The third Short Trek with dreamy Captain Pike! When Starbase 28 is attacked, Cadet Thira Sidhu is tasked with guarding a mutinous prisoner who no surprise is Captain Pike. Pike attempts to convince Sidhu into releasing him, but she refuses despite her husband being on board the starship in danger. Pike then reveals that this is a simulated test, and because of her fortitude she is welcomed aboard the U.S.S. Enterprise as an engineer. We even get a brief look at Spock and Number One when she beams abroad. While I very much enjoyed this mini-episode, the likelihood of a captain taking the time to screen applicants for his ship like this is extremely unlikely. But I’ll let is pass, as this might have been our last opportunity to see Pike, Spock and Number One together.

Ephraim and Dot

I was unsure about the animated shorts, but this first was adorable! Set in TOS timeline, a mother Tardigrade wants a safe place to lay her eggs, when The Enterprise disrupts her, so she follows the starship to see if it would be a viable location. She is witness to some iconic episodes- Space Seed (Khan!), The Trouble With Tribbles, The Naked Time (shirtless Sulu with a sword), Who Mourns For Adonis? (giant green hand in space), The Doomsday Machine (the big planet killer), The Tholian Web (orange energy cube), and The Savage Curtain (hey, whats President Lincoln doing in space?!), along with some other shoutouts to TOS happenings.  A droid, Dot, tries to stop her but later realizes her intent and there is a heartwarming ending. The animation was colorful, amusing and will appeal to all ages.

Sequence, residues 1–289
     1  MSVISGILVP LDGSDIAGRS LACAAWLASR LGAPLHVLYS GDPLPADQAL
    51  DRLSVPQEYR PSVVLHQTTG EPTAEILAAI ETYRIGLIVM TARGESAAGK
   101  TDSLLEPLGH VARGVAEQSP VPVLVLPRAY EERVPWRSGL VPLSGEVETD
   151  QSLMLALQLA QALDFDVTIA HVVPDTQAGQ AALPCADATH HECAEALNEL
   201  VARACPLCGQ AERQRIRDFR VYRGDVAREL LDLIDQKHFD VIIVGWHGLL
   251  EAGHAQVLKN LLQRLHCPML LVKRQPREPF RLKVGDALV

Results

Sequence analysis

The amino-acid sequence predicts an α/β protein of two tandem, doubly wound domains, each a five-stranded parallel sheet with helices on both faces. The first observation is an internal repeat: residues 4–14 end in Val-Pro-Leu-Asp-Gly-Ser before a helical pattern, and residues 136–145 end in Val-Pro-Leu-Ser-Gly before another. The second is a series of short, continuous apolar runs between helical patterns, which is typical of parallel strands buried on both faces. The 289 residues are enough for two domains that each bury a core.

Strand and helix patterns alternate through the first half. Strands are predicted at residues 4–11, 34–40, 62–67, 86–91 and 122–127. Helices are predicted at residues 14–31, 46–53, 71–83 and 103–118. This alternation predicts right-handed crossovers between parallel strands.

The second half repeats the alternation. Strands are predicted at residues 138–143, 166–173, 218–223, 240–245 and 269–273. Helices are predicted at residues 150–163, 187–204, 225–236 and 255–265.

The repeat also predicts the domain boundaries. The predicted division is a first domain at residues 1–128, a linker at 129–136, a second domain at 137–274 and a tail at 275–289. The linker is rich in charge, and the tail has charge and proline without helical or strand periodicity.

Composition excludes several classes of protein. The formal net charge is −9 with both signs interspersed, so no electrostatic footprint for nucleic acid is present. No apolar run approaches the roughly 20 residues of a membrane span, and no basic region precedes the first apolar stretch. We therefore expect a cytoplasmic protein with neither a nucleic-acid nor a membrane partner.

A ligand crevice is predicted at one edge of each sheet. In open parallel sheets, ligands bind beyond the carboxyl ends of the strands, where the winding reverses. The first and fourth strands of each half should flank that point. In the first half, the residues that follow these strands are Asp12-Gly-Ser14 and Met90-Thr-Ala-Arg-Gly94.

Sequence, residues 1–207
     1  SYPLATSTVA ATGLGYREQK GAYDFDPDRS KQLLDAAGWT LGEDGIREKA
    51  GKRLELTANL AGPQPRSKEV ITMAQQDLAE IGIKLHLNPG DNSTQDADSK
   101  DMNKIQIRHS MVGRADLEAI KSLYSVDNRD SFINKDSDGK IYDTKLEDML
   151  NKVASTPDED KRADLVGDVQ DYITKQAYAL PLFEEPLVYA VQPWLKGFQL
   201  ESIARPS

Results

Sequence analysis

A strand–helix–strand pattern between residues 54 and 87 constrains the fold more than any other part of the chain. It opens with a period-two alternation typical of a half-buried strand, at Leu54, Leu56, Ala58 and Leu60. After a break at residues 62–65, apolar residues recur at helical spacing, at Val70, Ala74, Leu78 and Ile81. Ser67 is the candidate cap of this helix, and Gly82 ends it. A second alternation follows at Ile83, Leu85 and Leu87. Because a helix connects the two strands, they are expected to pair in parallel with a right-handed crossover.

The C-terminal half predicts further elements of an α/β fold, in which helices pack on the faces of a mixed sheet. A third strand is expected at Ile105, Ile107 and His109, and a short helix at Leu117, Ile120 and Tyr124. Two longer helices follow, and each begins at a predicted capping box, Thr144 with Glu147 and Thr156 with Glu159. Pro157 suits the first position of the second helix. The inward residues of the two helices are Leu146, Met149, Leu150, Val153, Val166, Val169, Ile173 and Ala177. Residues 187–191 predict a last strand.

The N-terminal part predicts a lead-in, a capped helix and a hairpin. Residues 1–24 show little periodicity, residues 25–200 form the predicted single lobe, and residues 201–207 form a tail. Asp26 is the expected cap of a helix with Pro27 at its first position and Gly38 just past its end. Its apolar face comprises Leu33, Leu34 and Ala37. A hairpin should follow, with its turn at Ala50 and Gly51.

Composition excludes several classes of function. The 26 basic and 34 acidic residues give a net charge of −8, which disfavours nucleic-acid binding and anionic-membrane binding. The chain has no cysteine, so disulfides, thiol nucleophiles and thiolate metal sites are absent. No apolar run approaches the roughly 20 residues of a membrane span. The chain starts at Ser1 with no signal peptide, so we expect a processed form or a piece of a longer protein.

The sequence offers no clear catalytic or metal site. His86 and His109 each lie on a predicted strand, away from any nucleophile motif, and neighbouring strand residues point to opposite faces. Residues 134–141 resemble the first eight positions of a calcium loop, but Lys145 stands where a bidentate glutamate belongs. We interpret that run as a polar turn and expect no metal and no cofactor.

The Girl Who Made the Stars

As much as I loved the previous animated short, I did not like the second one at all. In this episode, we are shown Michael from the Star Trek Discovery crew, as a young child who is afraid of the dark. Her father wishes to reassure so he tells a tale of a young girl from Africa who brings stars to her tribe, as a gift from an alien she met. This story rubbed me the wrong way because a problem I have been having with the Discovery series is that Michael is just so earnest, and she and she alone is the savior of her ship and mankind. This cloying fairy tale-esque episode reinforced that issue which makes me wonder if Star Trek Discovery will fall to the wayside for me soon.

Children of Mars